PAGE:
mccglc and Sustainability: Staying True

Katy Renwick

Head of Sustainability

Returning to MCCGLC last month I was re-enrolled back into their pension scheme and after a little digging, I was pleased to find I had some options for where this slither of my hard earned savings could sit, including an ‘Ethical Fund’ that I could shift my pension pot into with the provider. After a few quick clicks, my money was now speeding its way into a new greener, cleaner piggy bank. I felt excited to be supporting companies “with a positive record on issues such as fair trade, human rights or pollution” and to be one of those “who want to make sure that their money isn’t being used to support organisations, products, policies or practices that concern them.” A small step I could take towards a more sustainable planet. And as a bonus, the fund was also doing very well – the second best performer in their portfolio.

“After a few quick clicks, my money was now speeding its way into a new greener, cleaner piggy bank.”

If, like some no doubt will, I had boldly trusted the over-generous title of the fund, I’d be none the wiser.

However, a week later I dug into some reports from the provider a little deeper. The top two shareholdings of my new fund were two tech giants, neither of which sprang to mind when I thought ‘ethical’. The first has come under considerable public scrutiny for their supply chain’s use of child labour in dangerous mines (amongst other human rights violations), and the second for competing for lucrative partnerships with the fossil fuel industry.

All of a sudden I felt a little duped by my pension fund’s title and a little less excited about my decision. With a little more research around the web, it does seem my pension provider is rated in the top 5 for ethical pensions, so it didn’t seem that a much better option may be found. But it left me pondering my findings. While I imagine a fair amount of progress has had to be made to get a major pension fund to the point of making any kind of ethical investments, the discovery left me, as a conscious-consumer, with a sour taste. I felt a little less trust for the organisation managing my money. Particularly as it took some digging around their website to find the details of my shareholdings. If, like some no doubt will, I had boldly trusted the over-generous title of the fund, I’d be none the wiser.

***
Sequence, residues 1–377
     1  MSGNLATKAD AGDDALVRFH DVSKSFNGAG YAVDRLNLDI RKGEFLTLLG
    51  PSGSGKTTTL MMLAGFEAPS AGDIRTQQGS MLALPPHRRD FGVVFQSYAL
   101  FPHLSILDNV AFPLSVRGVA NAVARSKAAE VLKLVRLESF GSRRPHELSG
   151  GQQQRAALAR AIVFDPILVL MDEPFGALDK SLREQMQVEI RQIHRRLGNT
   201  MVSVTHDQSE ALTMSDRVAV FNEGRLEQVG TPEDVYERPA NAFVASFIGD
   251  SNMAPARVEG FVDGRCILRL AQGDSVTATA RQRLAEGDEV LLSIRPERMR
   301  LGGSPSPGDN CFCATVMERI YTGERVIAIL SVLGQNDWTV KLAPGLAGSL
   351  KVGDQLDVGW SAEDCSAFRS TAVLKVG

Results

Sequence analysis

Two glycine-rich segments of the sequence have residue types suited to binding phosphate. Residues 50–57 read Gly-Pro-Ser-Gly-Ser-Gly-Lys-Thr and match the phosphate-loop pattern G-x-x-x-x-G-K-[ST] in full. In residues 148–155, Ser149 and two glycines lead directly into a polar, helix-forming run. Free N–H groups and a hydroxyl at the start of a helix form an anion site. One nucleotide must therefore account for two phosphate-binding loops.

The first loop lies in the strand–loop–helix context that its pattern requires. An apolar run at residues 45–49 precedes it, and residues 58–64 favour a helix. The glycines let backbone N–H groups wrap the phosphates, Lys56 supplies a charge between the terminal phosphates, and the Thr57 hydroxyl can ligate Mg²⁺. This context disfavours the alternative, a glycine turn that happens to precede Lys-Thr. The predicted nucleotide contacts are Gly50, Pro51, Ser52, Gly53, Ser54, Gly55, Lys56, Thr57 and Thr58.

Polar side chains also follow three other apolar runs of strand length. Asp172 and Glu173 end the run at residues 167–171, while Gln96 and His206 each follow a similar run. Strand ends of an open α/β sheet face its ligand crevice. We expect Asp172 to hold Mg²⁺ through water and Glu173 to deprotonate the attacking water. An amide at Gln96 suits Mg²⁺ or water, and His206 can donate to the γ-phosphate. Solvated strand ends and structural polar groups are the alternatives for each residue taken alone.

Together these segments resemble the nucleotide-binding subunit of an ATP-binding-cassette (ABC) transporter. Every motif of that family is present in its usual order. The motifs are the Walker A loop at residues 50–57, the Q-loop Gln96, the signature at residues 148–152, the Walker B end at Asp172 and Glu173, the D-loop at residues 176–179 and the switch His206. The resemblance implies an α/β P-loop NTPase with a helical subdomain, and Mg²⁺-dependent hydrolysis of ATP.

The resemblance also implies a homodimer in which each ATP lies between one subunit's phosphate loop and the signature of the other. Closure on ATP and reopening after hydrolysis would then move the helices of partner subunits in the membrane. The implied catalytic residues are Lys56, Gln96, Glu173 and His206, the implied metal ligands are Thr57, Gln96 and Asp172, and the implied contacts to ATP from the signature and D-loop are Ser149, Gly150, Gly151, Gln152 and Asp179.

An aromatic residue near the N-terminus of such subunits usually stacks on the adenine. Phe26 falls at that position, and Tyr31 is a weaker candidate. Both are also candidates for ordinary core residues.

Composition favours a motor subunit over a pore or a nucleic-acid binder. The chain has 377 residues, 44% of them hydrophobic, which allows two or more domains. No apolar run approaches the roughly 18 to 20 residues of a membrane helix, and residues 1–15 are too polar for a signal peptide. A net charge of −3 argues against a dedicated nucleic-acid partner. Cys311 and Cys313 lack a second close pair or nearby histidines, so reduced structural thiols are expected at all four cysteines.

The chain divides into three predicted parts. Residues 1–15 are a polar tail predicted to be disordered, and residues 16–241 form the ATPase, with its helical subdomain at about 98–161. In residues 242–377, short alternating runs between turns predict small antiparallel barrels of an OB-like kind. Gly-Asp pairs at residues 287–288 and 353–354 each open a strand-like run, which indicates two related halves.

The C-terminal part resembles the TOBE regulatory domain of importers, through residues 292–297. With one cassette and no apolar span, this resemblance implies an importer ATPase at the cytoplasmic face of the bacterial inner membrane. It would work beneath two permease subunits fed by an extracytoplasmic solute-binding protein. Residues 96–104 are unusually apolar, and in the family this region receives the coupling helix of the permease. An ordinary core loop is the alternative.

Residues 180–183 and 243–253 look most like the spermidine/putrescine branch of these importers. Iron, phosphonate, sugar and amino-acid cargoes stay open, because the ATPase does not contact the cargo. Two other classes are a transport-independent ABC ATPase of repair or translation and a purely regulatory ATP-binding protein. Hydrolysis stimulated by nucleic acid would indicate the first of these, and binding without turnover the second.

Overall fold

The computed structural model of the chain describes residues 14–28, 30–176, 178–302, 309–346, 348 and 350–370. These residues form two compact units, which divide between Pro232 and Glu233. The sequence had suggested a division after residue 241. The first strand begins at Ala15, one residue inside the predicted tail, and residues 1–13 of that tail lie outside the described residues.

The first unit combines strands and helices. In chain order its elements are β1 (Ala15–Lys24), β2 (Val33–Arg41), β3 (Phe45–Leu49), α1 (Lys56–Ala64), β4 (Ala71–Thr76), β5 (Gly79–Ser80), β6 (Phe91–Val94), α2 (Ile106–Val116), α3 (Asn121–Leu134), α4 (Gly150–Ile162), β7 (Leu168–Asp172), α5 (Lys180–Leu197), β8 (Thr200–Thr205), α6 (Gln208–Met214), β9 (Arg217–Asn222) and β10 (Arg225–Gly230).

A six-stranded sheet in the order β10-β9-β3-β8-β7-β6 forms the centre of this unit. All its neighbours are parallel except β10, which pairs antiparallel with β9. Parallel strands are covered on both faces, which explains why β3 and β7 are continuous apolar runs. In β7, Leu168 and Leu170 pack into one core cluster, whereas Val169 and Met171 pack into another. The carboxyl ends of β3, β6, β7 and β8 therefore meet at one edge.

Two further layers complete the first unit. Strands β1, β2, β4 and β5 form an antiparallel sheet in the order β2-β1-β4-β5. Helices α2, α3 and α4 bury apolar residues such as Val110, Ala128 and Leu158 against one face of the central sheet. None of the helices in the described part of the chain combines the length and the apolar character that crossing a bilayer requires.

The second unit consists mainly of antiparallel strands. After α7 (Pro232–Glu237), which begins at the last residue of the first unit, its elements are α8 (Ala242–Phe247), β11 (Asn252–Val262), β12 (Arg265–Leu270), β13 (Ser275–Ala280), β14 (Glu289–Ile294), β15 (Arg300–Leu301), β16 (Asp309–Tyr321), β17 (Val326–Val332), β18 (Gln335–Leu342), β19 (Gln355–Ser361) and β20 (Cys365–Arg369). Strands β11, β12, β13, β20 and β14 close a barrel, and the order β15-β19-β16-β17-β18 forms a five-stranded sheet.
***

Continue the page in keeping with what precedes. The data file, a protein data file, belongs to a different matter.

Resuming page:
My takeaway feeling is that businesses simply must do better. We must be upfront and honest with customers. We should all be aware by now that business must deliver bolder and more radical changes in order to answer the pressing environmental needs of our generation. There is a huge amount for the business world to deliver on if we are to collectively meet our Paris Climate goals of 2030, even 2050. And importantly we must set ambitious targets, communicating our progress transparently and holding ourselves to account, as increasingly others will too.

“My takeaway feeling is that businesses simply must do better. We must be upfront and honest with customers.”

“In 2020 there is no point in having sustainability programmes unless a belief in their value is rooted at our core, allowing it to guide and inform decisions right across the business.”

Millennials (who are now expected to make up 50% of the UK workforce) care about sustainability and are asking more questions of companies and their claims. We are looking for transparency and we’re shown to be hugely loyal to those brands offering it. No longer are consumers so content to buy into a headline.

At MCCGLC we’re only just starting to pick apart our business model and address how more sustainable solutions can be adopted in every corner of our work and operations. There’s a lot to do. And I’m excited to set ambitious goals as well as a roadmap for how we will achieve these over the next 10 years. We want to play our part in driving change within what is an industry littered with difficulties when it comes to sustainability.

But most importantly I want us to be transparent and honest on our progress in this work. In 2020 there is no point in having sustainability programmes unless a belief in their value is rooted at our core, allowing it to guide and inform decisions right across the business. Sustainability must be a guiding principle, and one to which you stay true. Not just a headline.

Our Work

>

Analytics

>

Brand Refresh

>

Ocean
Photography
Awards

Next
Previous